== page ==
Limits...
The (in)dependence of alternative splicing and gene duplication.

Talavera D, Vogel C, Orozco M, Teichmann SA, de la Cruz X - PLoS Comput. Biol. (2007)

Bottom Line: All together, these data strongly suggest that both phenomena result in interchangeability between their effects.Further, we conducted a detailed comparison of the effect of sequence changes in both alternative splice variants and gene duplicates on protein structure, in particular the size, location, and types of sequence substitutions and insertions/deletions.Our results reveal an interesting paradox between the anticorrelation of AS and GD at the genomic level, and their impact at the protein level, which shows little or no equivalence in terms of effects on protein sequence, structure, and function.

View Article: PubMed Central - PubMed

Affiliation: Molecular Modeling and Bioinformatics Unit, Parc Científic de Barcelona, Barcelona, Spain.

ABSTRACT
Alternative splicing (AS) and gene duplication (GD) both are processes that diversify the protein repertoire. Recent examples have shown that sequence changes introduced by AS may be comparable to those introduced by GD. In addition, the two processes are inversely correlated at the genomic scale: large gene families are depleted in splice variants and vice versa. All together, these data strongly suggest that both phenomena result in interchangeability between their effects. Here, we tested the extent to which this applies with respect to various protein characteristics. The amounts of AS and GD per gene are anticorrelated even when accounting for different gene functions or degrees of sequence divergence. In contrast, the two processes appear to be independent in their influence on variation in mRNA expression. Further, we conducted a detailed comparison of the effect of sequence changes in both alternative splice variants and gene duplicates on protein structure, in particular the size, location, and types of sequence substitutions and insertions/deletions. We find that, in general, alternative splicing affects protein sequence and structure in a more drastic way than gene duplication and subsequent divergence. Our results reveal an interesting paradox between the anticorrelation of AS and GD at the genomic level, and their impact at the protein level, which shows little or no equivalence in terms of effects on protein sequence, structure, and function. We discuss possible explanations that relate to the order of appearance of AS and GD in a gene family, and to the selection pressure imposed by the environment.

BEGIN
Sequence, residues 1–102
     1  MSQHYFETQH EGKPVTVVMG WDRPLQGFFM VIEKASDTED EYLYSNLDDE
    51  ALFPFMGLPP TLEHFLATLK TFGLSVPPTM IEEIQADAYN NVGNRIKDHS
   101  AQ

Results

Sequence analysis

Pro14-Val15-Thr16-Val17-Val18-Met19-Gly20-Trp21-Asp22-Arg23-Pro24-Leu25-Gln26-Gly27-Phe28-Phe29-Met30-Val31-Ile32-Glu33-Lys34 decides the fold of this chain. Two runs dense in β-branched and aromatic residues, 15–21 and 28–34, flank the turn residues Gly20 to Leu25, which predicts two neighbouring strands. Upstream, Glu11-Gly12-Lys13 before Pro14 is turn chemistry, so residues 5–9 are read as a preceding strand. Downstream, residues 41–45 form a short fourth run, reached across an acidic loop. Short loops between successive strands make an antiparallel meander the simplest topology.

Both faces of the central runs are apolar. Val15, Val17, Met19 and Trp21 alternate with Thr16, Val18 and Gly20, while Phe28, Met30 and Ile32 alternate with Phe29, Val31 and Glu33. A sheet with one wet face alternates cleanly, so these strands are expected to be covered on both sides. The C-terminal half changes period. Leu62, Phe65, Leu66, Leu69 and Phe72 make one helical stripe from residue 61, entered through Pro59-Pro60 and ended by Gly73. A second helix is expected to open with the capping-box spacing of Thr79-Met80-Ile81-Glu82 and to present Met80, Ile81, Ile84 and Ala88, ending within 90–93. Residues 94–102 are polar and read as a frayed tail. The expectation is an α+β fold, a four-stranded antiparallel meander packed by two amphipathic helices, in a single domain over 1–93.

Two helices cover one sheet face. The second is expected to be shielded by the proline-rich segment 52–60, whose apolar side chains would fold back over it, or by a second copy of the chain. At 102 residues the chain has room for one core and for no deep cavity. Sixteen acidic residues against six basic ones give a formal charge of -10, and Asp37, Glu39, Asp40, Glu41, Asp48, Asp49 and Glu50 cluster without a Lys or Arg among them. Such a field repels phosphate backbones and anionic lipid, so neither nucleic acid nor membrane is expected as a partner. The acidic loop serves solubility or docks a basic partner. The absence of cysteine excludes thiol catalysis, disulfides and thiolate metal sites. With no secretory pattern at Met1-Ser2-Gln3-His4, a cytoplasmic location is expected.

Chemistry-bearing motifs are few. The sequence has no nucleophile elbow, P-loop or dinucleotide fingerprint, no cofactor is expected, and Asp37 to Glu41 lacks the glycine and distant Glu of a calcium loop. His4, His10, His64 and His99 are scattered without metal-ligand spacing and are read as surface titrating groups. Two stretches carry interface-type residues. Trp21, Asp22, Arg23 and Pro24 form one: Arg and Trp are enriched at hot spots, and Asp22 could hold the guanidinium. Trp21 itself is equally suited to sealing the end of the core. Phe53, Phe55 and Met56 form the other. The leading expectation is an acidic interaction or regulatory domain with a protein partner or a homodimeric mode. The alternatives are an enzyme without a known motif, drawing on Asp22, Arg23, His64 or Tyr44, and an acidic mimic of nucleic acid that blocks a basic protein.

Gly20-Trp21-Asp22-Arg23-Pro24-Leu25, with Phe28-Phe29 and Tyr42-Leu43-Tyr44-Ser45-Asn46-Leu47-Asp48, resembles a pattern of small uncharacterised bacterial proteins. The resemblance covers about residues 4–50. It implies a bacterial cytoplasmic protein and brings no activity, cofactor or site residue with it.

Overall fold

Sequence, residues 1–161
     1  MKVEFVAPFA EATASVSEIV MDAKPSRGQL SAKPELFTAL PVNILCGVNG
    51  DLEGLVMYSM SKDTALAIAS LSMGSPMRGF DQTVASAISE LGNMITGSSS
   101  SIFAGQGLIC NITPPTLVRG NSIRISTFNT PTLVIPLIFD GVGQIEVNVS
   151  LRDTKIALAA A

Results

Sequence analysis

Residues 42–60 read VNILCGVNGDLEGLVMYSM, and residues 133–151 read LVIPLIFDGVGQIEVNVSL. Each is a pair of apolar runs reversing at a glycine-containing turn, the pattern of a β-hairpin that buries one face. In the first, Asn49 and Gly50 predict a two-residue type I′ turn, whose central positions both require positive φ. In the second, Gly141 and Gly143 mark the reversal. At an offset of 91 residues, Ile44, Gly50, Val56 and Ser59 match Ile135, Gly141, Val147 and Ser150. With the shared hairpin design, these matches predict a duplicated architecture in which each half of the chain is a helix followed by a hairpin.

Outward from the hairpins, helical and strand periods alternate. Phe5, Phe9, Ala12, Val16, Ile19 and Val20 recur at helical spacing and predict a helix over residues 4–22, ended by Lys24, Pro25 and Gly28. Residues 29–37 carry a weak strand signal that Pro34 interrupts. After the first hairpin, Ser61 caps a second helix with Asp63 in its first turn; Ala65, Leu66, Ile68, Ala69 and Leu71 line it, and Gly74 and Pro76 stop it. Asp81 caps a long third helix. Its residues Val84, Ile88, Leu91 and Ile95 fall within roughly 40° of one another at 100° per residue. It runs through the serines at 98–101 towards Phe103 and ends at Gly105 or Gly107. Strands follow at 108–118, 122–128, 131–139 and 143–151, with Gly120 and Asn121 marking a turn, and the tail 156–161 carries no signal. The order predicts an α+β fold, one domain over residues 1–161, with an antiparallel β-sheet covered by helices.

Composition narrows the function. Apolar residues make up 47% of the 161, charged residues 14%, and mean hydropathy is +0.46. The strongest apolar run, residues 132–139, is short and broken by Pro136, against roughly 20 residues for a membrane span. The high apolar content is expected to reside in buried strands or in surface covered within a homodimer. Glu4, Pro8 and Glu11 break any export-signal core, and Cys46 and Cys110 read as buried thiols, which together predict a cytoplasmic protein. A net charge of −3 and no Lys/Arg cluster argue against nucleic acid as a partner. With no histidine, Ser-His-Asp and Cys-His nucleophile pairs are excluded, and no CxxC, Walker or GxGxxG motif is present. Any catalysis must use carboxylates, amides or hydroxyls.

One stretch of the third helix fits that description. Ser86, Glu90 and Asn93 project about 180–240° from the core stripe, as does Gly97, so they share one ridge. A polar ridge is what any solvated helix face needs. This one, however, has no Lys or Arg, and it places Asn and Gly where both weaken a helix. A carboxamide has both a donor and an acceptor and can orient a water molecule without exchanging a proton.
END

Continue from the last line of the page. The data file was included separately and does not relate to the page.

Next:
Show MeSH
The Size Distribution of Insertions/Deletions in AS and GDAll analyses of indels have been made for gene families with both AS and GD (i.e., AS+/GD+).(A) AS indels are longer than GD indels. Indels for GD were obtained from the alignments of GD families at 40% (dark red) and 80% (light violet) seq.id. Information on AS indels (green) was obtained from the SwissProt record of the corresponding protein. Indel size distributions for both GD40 and GD80 are very similar, with most of the indels being shorter than five residues. In contrast, many AS indels are longer than 100 residues.(B,C) Size distribution for external and internal indels in AS and GD. External indels (B) lie at the N- or C-terminal ends of the protein; internal indels (C) lie in the middle. AS and GD40 indel sizes are different depending on the position of the indels in the sequence. While AS indels are generally larger than GD indels (also see Figure 6A), external indels (B) are larger than internal ones (C), both for AS and GD. The shift in indel sizes implies that large indels (as often introduced by AS) are better-tolerated at the N- and C-termini of proteins, where they are less likely to induce important structural changes.
© Copyright Policy
Related In: Results  -  Collection

License
getmorefigures.php?uid=PMC1808492&req=5